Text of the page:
Bill has some loss of memory and feeling in his fingers, a result of nerve damage caused by the operation, he said.
Sometimes, his hand tremors are such that he'll drop a pill and not be able to pick it up. So what if that happens while he's hiking?
"I'll find a way around," he said, demonstrating how he can use a knife as a lever. "Where there's a will, there's a way."
Doing it himself
Spence has taken a do-it-yourself approach by building all his own equipment -- hammock, stove, quilts and more -- to save money and lower the weight of his backpack, which will be about 40 pounds. His stove, for example, runs on rubbing alcohol, is made of soda cans and fiberglass, and has a windscreen made out of a foil sheet pan.
An avid camper who loved being in the woods since he was a kid, Spence did tons of research online, connecting with fellow do-it-yourselfers and hiking companies that donated materials. "I used Judy's sewing machine for the first time in my life," he said with a grin.
He's also making his own food, the dehydrated variety of chili mac, beef stroganoff and barbecue spaghetti. One daughter is helping him with his website; another daughter is helping him with the quilts.
"It's still a work in progress," he said. "It's been challenging and exciting and nerve-wracking."
He'll have a cellphone and an iPad, and he plans to blog daily. But he won't be carrying everything he needs at all times -- his wife will send him boxes of food, medication and money that he'll pick up at mail stops along the way.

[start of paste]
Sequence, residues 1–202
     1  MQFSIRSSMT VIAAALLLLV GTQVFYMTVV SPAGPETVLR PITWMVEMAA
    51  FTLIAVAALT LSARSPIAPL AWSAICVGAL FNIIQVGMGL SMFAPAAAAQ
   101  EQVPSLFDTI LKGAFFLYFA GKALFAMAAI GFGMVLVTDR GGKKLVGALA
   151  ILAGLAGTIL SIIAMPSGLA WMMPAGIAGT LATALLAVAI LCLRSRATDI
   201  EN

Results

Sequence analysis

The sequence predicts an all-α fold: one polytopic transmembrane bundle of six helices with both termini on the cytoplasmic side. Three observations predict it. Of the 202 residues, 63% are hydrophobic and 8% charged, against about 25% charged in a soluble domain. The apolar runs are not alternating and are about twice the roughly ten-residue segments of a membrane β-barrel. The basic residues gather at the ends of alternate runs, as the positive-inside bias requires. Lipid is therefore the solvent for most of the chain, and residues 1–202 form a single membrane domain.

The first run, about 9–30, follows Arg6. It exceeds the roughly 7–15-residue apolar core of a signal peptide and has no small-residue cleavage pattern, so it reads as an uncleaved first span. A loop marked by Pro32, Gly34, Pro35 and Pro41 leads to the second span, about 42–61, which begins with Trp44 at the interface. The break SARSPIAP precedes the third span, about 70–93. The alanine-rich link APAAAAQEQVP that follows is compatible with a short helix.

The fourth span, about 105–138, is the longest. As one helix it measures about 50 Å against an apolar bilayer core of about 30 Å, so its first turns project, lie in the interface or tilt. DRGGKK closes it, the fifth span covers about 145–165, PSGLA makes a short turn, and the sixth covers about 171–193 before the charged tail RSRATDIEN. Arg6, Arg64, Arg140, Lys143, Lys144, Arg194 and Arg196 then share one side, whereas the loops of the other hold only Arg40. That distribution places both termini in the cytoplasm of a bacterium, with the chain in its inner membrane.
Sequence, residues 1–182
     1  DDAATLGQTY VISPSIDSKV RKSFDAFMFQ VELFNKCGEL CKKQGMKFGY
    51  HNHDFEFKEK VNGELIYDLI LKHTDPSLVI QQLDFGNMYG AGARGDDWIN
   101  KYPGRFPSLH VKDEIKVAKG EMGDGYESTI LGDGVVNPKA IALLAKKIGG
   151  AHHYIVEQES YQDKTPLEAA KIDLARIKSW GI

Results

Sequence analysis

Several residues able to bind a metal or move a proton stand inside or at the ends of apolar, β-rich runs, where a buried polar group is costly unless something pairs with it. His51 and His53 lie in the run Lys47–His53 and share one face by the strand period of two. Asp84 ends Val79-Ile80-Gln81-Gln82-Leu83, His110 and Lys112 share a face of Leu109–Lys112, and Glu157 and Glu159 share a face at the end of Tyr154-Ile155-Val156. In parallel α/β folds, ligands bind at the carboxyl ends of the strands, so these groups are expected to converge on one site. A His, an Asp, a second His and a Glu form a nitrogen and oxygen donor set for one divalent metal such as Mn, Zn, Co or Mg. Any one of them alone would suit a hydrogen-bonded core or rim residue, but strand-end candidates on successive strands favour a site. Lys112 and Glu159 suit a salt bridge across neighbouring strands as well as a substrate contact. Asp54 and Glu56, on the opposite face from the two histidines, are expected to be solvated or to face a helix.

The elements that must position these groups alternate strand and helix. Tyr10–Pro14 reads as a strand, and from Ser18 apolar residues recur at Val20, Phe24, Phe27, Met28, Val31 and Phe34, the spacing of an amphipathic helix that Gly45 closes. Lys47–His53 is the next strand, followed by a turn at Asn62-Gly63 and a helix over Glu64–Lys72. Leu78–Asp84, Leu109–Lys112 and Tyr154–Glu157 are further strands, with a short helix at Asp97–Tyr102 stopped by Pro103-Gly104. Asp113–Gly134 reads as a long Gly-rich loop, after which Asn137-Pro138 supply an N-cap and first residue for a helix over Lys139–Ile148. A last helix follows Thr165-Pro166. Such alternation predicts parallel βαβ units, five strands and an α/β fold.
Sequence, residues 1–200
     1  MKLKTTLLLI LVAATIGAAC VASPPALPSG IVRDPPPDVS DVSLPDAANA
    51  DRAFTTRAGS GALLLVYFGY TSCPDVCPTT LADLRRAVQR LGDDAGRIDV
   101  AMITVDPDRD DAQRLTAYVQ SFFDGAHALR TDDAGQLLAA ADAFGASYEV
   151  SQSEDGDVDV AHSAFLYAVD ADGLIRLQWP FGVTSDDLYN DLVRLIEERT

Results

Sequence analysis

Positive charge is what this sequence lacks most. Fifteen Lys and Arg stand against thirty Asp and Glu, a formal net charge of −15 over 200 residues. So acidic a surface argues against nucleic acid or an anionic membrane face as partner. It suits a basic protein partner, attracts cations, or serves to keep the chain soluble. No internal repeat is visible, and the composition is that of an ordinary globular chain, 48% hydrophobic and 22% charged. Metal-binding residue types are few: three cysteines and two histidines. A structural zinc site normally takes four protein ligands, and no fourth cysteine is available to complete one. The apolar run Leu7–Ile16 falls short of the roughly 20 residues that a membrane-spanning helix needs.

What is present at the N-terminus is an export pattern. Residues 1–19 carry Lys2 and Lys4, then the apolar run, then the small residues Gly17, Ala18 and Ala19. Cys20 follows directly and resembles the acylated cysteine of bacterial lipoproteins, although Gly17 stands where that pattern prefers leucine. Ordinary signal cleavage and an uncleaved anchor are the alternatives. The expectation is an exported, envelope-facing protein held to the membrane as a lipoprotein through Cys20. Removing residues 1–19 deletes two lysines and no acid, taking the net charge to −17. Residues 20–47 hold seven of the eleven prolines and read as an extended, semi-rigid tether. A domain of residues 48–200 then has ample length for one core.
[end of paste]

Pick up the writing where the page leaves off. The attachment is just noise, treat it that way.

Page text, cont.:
He's been training by wearing his loaded backpack and walking around his neighborhood in a roughly three-mile loop, but that's not the same as hiking in the woods, he admits. The first day will be especially tough, with a 604-step stairway in the first couple of miles and a change in elevation from 1,800 feet to 3,200 feet by the seventh mile.
"I do worry about that," he said.
Dr. David Bromet, Spence's cardiologist at Presence Saint Joseph, said Spence has passed exercise tolerance tests to ensure he can tackle the journey.
"Bill is kind of a stubborn guy. He's not ready to take no for an answer," he said. "We're going to let him do it."
Bromet said he's never had a heart patient attempt a feat of this sort.
"I'm not in good enough shape to do it, so I'm impressed," he said. "The idea that there isn't enough solid organs to go around is a real problem, and the fact that he's doing his walk to raise awareness, it's a very nice thing."
The Spences have five kids from previous marriages and a combined 17 grandchildren, the latest one born about a month ago. That's been one of the biggest pleasures of Spence's new life.
"If had not gotten the heart, I would have never seen them get any bigger," he said. "I just count myself as lucky. I can't be appreciative any more than I am of the things that I have. It's the little things that matter."
Spence is grateful to his medical team, too.
"I can't say enough good about these people. There are no words that can explain how I feel about them," he said. "The people at St. Joe's and the people at Loyola, if it weren't for them, I wouldn't be here. They kept me moving, they kept me going, they kept me hopeful. This is my way of saying thank you to them."
You can helpBill Spence hopes for one person to pledge to be an organ donor for each of the 2,190 miles he plans to walk starting next month on the Appalachian Trail.
Individuals can register as organ donors via Spence's Donate Life America registry page at registerme.org/campaign/tinman. His website is at-tinman.com.